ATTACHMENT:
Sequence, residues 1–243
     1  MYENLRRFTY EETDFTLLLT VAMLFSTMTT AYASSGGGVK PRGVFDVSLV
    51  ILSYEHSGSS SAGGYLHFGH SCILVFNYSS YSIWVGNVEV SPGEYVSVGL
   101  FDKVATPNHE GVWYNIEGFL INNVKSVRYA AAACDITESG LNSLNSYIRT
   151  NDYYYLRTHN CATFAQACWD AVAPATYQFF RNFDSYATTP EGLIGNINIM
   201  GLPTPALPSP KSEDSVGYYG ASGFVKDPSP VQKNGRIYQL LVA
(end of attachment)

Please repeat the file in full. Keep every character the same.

Sequence, residues 1–243
     1  MYENLRRFTY EETDFTLLLT VAMLFSTMTT AYASSGGGVK PRGVFDVSLV
    51  ILSYEHSGSS SAGGYLHFGH SCILVFNYSS YSIWVGNVEV SPGEYVSVGL
   101  FDKVATPNHE GVWYNIEGFL INNVKSVRYA AAACDITESG LNSLNSYIRT
   151  NDYYYLRTHN CATFAQACWD AVAPATYQFF RNFDSYATTP EGLIGNINIM
   201  GLPTPALPSP KSEDSVGYYG ASGFVKDPSP VQKNGRIYQL LVA